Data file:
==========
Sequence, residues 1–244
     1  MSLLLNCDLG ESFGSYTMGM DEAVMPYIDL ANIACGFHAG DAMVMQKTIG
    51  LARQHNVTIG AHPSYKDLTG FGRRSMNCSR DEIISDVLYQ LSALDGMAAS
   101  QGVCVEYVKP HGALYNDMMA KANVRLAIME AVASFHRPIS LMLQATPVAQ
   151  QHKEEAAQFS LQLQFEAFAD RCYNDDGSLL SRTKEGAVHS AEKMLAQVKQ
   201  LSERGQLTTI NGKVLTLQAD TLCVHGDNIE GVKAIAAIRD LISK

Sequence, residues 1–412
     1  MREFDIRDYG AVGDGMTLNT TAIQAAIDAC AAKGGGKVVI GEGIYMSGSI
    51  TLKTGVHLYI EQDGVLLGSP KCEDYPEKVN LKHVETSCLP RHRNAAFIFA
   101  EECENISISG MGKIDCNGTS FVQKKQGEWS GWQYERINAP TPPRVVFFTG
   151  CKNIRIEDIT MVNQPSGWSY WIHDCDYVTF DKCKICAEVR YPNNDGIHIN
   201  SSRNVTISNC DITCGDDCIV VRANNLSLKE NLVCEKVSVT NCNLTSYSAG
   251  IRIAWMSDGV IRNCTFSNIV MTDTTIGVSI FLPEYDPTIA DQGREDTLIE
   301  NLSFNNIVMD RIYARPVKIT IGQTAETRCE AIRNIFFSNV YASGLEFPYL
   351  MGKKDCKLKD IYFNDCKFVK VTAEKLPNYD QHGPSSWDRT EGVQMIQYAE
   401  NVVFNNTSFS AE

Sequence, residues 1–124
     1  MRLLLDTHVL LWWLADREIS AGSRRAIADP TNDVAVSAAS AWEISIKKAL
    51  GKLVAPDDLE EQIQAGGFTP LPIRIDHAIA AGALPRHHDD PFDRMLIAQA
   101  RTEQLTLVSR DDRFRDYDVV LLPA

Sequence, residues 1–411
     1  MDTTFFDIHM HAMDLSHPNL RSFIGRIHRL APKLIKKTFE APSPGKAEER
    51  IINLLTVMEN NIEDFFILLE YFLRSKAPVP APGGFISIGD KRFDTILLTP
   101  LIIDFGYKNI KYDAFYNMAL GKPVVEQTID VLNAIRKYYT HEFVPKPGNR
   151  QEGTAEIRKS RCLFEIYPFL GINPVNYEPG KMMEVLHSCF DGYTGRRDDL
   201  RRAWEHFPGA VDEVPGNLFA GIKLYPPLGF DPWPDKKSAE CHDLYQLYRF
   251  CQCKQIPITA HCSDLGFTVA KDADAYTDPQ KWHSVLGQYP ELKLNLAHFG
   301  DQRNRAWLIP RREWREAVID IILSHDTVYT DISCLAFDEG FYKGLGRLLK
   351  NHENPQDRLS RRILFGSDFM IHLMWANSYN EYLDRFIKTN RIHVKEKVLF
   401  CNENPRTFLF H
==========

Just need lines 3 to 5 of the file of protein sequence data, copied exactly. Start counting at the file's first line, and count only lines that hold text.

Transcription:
    51  LARQHNVTIG AHPSYKDLTG FGRRSMNCSR DEIISDVLYQ LSALDGMAAS
   101  QGVCVEYVKP HGALYNDMMA KANVRLAIME AVASFHRPIS LMLQATPVAQ
   151  QHKEEAAQFS LQLQFEAFAD RCYNDDGSLL SRTKEGAVHS AEKMLAQVKQ